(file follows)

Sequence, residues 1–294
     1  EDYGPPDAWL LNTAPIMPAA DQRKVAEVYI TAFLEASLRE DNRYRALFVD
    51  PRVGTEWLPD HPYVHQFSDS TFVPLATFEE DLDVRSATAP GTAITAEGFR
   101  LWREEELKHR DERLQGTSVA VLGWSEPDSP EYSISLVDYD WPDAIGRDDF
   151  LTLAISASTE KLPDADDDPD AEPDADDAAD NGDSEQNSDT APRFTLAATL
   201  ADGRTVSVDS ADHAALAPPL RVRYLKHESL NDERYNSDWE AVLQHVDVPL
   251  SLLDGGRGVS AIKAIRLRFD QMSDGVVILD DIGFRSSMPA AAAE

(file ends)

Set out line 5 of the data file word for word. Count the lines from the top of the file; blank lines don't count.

   151  LTLAISASTE KLPDADDDPD AEPDADDAAD NGDSEQNSDT APRFTLAATL